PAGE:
Historical demographic profiles and genetic variation of the East African Butana and Kenana indigenous dairy zebu cattle

Bashir Salim*, Khalid M. Taha, Olivier Hanotte, Joram M. Mwacharo

*Corresponding author for this work

Research output: Contribution to journalArticlepeer-review

14 Citations (Scopus)


Butana and Kenana breeds from Sudan are part of the East African zebu Bos indicus type of cattle. Unlike other indigenous zebu cattle in Africa, they are unique due to their reputation for high milk production and are regarded as dairy cattle, the only ones of their kind on the African continent. In this study, we sequenced the complete mitochondrial DNA (mtDNA) D-loop of 70 animals to understand the maternal genetic variation, demographic profiles and history of the two breeds in relation to the history of cattle pastoralism on the African continent. Only taurine mtDNA sequences were identified. We found very high mtDNA diversity but low level of maternal genetic structure within and between the two breeds. Bayesian coalescent-based analysis revealed different historical and demographic profiles for the two breeds, with an earlier population expansion in the Butana vis a vis the Kenana. The maternal ancestral populations of the two breeds may have diverged prior to their introduction into the African continent, with first the arrival of the ancestral Butana population. We also reveal distinct demographic history between the two breeds with the Butana showing a decline in its effective population size (Ne) in the recent past ~590 years. Our results provide new insights on the early history of cattle pastoralism in Sudan indicative of a large ancient effective population size.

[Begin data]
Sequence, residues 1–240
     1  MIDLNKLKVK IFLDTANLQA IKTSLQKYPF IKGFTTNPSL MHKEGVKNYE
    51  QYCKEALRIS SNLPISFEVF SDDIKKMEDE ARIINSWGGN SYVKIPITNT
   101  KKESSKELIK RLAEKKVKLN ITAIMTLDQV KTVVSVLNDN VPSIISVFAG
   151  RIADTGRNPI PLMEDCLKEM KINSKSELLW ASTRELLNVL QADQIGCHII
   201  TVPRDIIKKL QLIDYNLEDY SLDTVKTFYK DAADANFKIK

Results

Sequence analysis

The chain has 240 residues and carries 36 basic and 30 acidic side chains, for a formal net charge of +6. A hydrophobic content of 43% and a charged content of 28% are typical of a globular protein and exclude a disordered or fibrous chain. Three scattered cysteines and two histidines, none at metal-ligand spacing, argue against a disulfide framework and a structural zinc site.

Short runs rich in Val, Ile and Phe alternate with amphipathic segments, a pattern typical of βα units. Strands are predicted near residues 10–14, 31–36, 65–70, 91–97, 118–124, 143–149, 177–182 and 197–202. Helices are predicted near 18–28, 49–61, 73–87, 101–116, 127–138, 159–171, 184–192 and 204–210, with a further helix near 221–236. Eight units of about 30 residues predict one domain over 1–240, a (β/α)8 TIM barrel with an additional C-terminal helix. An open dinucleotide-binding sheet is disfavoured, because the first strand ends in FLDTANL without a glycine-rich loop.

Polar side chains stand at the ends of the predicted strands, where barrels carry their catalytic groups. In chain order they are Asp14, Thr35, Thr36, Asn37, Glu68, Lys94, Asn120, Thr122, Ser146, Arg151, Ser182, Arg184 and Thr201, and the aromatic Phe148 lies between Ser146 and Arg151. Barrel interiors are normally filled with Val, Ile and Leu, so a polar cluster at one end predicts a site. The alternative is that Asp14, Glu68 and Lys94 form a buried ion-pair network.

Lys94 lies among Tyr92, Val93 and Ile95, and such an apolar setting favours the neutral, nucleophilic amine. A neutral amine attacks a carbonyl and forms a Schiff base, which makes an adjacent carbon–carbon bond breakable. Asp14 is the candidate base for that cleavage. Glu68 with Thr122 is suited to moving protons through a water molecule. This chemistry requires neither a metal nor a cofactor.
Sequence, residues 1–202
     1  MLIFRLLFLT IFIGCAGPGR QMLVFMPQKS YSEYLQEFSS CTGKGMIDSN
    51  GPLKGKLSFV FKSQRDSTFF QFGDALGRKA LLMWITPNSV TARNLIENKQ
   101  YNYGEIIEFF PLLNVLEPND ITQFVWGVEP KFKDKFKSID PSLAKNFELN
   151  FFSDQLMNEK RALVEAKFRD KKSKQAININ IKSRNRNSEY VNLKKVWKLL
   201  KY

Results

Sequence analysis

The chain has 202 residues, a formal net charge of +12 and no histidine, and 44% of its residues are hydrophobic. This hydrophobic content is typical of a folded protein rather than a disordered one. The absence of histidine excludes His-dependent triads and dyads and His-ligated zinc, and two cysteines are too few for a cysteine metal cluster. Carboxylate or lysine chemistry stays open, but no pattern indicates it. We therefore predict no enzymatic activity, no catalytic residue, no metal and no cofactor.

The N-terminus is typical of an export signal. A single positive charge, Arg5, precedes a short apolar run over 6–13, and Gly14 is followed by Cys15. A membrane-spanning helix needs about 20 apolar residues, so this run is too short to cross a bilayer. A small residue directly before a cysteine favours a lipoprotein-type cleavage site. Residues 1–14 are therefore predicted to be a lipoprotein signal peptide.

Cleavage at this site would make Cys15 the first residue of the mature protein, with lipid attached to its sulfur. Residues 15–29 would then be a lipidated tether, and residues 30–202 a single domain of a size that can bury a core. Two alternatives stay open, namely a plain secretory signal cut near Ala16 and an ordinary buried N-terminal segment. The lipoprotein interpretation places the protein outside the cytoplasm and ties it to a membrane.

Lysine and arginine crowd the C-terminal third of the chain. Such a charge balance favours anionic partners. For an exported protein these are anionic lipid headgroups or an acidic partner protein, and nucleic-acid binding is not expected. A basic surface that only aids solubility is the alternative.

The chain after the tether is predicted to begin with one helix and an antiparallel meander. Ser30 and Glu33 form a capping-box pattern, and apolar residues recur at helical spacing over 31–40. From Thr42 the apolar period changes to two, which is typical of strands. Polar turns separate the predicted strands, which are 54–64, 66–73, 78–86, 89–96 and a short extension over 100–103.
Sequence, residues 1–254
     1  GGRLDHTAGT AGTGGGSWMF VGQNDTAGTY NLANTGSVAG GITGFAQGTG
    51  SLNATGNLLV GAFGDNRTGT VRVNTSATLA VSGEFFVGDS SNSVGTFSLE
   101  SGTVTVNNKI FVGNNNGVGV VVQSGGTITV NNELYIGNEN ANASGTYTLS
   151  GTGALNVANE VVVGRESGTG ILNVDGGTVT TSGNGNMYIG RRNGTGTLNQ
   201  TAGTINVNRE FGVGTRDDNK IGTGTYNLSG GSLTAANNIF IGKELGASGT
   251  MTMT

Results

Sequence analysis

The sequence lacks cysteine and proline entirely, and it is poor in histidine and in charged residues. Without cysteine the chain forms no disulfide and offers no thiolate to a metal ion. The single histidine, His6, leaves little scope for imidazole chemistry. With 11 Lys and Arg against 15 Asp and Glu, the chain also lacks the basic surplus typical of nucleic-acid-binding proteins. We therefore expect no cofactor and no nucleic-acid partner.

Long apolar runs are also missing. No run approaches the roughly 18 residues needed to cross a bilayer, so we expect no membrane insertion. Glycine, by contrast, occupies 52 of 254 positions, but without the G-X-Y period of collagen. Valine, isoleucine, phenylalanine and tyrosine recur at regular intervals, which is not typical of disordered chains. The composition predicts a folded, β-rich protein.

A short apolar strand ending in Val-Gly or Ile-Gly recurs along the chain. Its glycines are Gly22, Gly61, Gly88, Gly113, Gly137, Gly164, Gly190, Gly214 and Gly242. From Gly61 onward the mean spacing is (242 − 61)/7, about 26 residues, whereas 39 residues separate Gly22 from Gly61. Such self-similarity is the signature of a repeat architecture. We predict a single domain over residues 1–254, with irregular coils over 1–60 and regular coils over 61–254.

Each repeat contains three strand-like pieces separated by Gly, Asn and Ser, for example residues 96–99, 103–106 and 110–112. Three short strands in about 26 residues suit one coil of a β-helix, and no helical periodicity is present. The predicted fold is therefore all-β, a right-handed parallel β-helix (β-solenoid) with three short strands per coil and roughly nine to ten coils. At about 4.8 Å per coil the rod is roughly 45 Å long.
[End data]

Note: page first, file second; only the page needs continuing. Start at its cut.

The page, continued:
Original languageEnglish
Pages (from-to)782-790
Number of pages9
JournalAnimal Genetics
Issue number6
Early online date13 Oct 2014
Publication statusPrint publication - 1 Dec 2014
Externally publishedYes


  • Bayesian skyline plots
  • effective population size
  • mitochondrial DNA
  • population expansion


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